White Like Me is one-part memoir, one-part polemical essay collection, addressing racism and white privilege in the United States. Herein, Wise examines what it means to be white in a nation created for the benefit of whites, and in which persons of color have been routinely denied equal access to opportunity. Wise addresses the privileges whites inherit from previous generations and those that continue to be bestowed today (in employment, education, the justice system and elsewhere), weaving personal stories from his own life with academic analysis and factual information gleaned from the worlds of sociology, history and ethnic studies. Wise also explores the ways in which whites can challenge their unjust privileges, and explains in clear and convincing language why it is in the best interest of whites themselves to do so. This updated version of the 2005 release also includes a lengthy discussion of white denial, and an epilogue on the race and class dimensions of Hurricane Katrina and the flooding of New Orleans.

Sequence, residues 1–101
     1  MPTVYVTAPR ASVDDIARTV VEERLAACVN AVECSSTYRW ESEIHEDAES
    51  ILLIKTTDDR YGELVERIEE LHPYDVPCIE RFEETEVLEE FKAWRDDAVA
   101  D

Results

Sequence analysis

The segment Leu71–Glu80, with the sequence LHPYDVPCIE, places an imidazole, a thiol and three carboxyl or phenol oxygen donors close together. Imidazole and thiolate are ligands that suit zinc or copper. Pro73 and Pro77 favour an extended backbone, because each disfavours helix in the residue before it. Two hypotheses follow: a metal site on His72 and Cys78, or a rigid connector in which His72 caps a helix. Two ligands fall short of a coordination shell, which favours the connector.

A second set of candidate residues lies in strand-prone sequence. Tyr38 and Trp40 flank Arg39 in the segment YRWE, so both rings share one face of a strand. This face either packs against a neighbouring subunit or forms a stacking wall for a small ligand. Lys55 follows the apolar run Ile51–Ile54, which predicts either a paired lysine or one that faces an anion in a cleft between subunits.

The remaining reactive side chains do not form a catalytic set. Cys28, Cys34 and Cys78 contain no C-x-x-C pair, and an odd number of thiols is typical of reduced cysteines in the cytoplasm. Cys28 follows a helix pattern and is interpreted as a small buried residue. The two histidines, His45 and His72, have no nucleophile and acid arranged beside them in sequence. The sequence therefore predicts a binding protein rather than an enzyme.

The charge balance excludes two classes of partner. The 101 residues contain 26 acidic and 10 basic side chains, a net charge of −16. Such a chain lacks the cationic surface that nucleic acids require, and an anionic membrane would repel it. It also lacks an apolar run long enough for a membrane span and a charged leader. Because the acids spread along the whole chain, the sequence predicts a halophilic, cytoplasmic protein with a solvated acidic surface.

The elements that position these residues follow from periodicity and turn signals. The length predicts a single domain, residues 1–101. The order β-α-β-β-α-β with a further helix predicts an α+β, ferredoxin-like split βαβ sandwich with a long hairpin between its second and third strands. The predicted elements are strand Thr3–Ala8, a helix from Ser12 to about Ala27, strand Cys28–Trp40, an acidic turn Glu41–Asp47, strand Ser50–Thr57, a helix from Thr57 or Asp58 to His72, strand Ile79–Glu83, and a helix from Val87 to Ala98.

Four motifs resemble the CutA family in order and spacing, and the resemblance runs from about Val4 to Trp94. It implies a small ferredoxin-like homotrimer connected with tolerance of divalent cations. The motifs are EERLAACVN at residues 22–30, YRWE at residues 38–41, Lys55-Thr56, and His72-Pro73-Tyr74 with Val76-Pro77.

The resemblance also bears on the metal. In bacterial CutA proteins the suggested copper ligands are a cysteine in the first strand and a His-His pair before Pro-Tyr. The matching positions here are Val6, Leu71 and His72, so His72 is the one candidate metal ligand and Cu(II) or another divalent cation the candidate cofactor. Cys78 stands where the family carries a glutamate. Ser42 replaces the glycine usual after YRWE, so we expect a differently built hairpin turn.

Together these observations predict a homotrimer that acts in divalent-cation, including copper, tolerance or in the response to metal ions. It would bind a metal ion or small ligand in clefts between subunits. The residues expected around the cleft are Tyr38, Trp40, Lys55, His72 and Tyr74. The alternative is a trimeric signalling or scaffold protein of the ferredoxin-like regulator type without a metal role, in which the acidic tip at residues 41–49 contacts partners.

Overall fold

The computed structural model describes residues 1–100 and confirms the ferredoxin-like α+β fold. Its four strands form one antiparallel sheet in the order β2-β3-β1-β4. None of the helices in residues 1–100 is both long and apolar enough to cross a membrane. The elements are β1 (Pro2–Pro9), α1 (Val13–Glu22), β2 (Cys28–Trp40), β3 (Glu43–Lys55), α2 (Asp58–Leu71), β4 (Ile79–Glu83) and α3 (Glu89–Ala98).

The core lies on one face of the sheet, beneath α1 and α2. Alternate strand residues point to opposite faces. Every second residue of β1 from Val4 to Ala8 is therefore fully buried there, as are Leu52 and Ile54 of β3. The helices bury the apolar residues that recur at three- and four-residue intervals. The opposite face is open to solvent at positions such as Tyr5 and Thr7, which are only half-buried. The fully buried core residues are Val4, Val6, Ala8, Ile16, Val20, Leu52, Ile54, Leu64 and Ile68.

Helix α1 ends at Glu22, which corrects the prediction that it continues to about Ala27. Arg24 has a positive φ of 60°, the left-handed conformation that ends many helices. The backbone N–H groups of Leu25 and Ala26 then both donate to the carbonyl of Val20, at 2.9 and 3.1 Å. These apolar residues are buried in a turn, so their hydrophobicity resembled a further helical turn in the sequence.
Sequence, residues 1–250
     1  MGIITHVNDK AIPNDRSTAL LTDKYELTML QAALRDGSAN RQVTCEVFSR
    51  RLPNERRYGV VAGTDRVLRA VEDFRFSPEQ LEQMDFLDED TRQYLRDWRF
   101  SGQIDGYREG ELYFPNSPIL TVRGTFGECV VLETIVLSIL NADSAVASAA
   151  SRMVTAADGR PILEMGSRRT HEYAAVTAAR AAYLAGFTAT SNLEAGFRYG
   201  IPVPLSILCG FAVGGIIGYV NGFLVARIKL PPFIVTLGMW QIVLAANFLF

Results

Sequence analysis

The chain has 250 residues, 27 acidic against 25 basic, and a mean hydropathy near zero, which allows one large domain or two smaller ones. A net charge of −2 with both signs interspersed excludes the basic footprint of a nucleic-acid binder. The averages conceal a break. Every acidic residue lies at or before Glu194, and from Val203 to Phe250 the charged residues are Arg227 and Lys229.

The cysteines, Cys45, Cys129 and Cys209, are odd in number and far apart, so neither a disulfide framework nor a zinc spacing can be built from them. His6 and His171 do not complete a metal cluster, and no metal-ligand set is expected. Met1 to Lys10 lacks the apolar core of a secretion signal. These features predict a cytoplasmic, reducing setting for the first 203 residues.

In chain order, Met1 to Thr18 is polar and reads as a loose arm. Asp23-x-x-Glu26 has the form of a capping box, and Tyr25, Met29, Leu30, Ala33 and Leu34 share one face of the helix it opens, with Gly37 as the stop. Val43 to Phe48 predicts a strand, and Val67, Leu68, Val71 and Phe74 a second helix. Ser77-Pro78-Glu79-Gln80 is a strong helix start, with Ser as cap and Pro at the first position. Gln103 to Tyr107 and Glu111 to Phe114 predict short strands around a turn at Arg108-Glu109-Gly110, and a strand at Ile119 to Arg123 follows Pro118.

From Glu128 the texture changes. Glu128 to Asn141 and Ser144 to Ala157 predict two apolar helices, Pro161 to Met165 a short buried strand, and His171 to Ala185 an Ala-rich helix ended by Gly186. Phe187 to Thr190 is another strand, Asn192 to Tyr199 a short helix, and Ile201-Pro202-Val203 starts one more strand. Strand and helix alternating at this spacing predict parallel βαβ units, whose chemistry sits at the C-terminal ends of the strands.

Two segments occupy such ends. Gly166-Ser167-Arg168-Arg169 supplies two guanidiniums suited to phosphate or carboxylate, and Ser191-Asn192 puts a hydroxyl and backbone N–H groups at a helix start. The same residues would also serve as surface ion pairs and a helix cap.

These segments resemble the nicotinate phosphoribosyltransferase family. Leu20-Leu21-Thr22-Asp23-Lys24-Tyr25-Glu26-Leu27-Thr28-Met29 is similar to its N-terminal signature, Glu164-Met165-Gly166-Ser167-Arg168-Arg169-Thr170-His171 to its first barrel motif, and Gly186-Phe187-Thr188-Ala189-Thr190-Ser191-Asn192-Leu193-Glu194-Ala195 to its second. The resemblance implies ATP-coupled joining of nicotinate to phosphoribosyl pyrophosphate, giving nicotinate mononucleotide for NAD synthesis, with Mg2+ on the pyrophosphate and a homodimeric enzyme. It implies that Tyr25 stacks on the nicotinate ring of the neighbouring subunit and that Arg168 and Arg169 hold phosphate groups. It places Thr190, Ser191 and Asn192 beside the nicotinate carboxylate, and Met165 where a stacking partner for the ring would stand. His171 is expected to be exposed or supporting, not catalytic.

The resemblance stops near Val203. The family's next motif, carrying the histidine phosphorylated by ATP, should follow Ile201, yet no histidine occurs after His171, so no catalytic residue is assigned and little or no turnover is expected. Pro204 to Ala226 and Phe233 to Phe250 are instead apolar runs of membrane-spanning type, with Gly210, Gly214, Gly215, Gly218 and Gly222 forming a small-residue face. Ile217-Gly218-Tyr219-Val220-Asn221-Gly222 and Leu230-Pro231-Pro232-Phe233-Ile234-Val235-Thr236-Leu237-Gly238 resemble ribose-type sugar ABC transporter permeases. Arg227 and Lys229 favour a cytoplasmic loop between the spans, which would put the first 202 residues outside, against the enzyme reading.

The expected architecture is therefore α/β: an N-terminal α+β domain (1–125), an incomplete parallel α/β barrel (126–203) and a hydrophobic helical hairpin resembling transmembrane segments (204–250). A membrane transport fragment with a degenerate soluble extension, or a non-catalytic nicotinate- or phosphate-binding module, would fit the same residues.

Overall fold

James Loewen, best-selling author of Lies My Teacher Told Me, and Sundown Towns calls White Like Me:
"...the most important memoir by a white person about how race and racism affect everyday life since Lois Mark Stalvey's The Education of a WASP. And, as with Stalvey, after reading Wise, white readers are energized to join the fray and reduce racism in our society."
Author and long-time liberation activist Roxanne Dunbar-Ortiz calls White Like Me:
"A brilliant and personal deconstruction of institutionalized white supremacy in the United States...It is a beautifully written, heartfelt memoir."
And Publisher's Weekly, speaking of the book's first edition, called it "invigorating."